The Instruments of Dhrupad
noted, vocal music is generally more important in Hindustani music
than are instruments. The string instrument most probably dominant
in the Mughal period was the been, or rudra vina,
which is the most ancient stringed instrument in India, though
it is almost extinct in contemporary Hindustani music and is rarely
heard today, with only two major performers surviving. The rudra
vina is made of two large gourds joined symmetrically by a long,
thin wooden neck, with frets traditionally fixed to the neck with
beeswax, four main playing strings, and three drone strings. It
is characterized by its deep, rich voice. It may be seen in numerous
paintings from the Mughal period.
The solo instrument
heard on this Web site is the surbahar. The surbahar was
developed as a more practicable vehicle for capturing the tonal
range, expressive scope, and spiritual mood of the rudra vina.
The surbahar, like the vina, has a practical range of three and
a half octaves; it has a wide neck, thick strings, and a single
large, flat gourd. The surbahar has sympathetic strings, usually
eleven to thirteen in number, that give an added resonance to
each tone played on the main strings and help to create the distinctive
sound of the instrument. A prominent shared characteristic of
the rudra vina and the surbahar is the technique of "bending"
a note by deflecting one of the playing strings sideways across
a fret. In this manner, a pitch on the surbahar can be raised
by up to a full seven tones on a single fret.
though not present during the Mughal period, is currently the
most important stringed instrument in the Hindustani tradition.
Like the surbahar, though smaller and higher in pitch, it consists
of a gourd with a wooden faceplate attached to a wooden neck,
with movable frets arching over a set of sympathetic strings,
and sometimes having a secondary gourd.
vina, surbahar, and sitar (as well as the tanpurasee below) all
have curved bridges, traditionally made of deerhorn, across which
the strings pass at a very slight angle, thereby creating the
distinctive "Indian" effect of rich overtones which
has led to the latter two instruments' use in a number of contexts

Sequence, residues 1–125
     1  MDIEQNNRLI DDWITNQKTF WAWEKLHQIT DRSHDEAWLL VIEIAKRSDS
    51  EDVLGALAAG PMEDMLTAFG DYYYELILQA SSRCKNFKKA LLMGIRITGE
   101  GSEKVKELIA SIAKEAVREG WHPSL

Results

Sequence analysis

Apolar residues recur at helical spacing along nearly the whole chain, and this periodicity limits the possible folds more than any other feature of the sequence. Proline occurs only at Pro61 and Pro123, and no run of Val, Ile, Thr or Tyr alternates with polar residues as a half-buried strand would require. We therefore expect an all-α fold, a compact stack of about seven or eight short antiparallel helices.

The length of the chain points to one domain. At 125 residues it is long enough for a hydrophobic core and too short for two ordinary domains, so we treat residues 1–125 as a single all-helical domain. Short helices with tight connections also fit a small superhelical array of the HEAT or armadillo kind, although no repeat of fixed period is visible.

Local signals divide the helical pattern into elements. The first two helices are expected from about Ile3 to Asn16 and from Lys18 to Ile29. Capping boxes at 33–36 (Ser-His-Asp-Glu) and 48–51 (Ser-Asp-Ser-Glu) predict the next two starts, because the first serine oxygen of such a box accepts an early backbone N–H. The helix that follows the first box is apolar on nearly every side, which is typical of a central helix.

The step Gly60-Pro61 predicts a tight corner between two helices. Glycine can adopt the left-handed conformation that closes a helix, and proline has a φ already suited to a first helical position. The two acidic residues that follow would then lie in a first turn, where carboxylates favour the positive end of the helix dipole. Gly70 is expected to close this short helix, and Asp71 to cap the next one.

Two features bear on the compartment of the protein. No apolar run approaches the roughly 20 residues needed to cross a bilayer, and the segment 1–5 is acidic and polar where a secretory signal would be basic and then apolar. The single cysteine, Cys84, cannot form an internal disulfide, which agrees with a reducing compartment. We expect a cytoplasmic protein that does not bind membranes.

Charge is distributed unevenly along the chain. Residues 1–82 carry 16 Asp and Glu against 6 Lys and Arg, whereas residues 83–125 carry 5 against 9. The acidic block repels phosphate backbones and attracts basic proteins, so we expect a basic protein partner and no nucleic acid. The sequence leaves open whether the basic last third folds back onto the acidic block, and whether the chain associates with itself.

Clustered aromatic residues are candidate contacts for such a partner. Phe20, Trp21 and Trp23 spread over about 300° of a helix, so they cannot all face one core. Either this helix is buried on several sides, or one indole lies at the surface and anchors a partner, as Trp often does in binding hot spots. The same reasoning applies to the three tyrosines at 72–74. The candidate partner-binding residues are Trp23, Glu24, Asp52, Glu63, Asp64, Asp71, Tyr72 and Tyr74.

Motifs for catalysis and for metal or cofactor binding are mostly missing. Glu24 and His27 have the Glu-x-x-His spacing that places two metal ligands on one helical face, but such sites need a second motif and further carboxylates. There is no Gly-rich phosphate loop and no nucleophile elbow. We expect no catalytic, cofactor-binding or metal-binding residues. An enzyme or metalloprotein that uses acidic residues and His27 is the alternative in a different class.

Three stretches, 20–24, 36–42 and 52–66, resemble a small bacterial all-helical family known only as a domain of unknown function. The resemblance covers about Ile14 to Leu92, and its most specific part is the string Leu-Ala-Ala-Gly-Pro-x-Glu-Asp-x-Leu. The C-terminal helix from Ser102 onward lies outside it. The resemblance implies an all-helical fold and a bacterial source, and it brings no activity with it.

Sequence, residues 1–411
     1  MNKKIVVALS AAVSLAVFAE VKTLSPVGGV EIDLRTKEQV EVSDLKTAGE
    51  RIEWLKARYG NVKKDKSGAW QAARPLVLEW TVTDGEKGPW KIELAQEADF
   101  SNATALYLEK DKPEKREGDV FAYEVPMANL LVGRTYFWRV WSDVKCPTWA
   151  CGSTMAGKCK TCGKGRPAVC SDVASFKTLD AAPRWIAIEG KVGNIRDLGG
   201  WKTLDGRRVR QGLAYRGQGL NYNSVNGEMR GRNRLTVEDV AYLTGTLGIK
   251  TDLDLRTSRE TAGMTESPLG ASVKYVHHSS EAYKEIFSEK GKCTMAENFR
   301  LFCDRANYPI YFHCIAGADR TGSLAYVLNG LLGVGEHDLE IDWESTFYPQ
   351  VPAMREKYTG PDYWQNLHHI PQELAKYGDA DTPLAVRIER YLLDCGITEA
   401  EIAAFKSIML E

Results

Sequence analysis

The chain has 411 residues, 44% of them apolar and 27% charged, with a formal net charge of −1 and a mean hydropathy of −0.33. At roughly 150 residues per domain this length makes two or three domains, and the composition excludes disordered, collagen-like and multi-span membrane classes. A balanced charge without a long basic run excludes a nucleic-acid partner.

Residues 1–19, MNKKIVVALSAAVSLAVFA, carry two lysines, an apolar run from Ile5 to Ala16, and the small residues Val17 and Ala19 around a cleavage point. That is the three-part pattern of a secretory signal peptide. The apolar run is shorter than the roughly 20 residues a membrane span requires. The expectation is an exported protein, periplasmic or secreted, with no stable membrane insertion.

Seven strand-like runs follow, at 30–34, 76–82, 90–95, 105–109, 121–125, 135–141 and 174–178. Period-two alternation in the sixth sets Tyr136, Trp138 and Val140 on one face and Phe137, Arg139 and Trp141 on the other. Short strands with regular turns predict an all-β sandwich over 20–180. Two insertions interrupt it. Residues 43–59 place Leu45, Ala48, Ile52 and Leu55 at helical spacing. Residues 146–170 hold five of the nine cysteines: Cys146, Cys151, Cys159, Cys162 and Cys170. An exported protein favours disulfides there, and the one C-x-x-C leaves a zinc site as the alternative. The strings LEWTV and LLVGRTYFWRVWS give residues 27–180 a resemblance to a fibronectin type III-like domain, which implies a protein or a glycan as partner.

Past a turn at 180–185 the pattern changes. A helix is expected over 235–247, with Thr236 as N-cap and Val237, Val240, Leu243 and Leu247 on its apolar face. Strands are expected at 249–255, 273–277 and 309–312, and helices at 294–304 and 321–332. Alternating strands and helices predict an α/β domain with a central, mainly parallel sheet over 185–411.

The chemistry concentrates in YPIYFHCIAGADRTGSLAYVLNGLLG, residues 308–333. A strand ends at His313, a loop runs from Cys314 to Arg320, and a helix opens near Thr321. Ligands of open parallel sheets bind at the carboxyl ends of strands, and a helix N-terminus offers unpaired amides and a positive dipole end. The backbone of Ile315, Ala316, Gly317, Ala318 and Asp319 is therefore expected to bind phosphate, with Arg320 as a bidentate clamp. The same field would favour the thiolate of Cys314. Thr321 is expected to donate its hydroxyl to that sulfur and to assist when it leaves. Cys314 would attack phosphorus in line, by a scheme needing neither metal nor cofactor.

in the West.
is the barrel-drum dominant in the Mughal period, and like the
rudra vina, it may be seen in numerous Mughal miniature paintings.
It is made of a single piece of wood, hollowed out, with goatskin
heads on either side and bound together by leather straps running
the length of the drum. By means of sliding wooden pegs inserted
under the straps, the right side of the pakhawajwith its
black circle of composite paste in the center of the drumheadis
tuned precisely to and resonates with the tonic of the melodic
performance. The left drumhead produces its bass sound by means
of a circle of moistened whole-wheat flour-like bread doughapplied
to the skin.
or tambura is the fundamental accompanying drone instrument
in Indian music. It consists of a gourd body attached to a long
round wooden neck, with four to six strings tuned to the main
notes of the raga, always the tonic in lower and higher octaves,
and the middle fifth (or fourth if the scale has no fifth), and
sometimes the seventh. In performance, the tanpura accompanist
plucks the instrument's strings in continuous succession1,
2, 3, 4; 1, 2, 3, 4; etc.throughout the entire performance,
to provide the background drone so characteristic of Indian music.
The tanpura in its current form is not seen in Mughal miniature
paintings, though the manner of holding other string instruments
over the shoulderin which position it would be difficult
to achieve any fretting of stringssuggests possibly an earlier
version of a drone instrument to accompany singing.
or swaramandala (literally, "temple of notes")
is a zither-like instrument of many strings; the strings are tuned
to the raga being performed and are strummed in sequence to created
a kind of shimmering background effect, though individual notes
may be plucked as well. Illustrations of this instrument may be
found in Mughal miniature painting.
Brian Q. Silver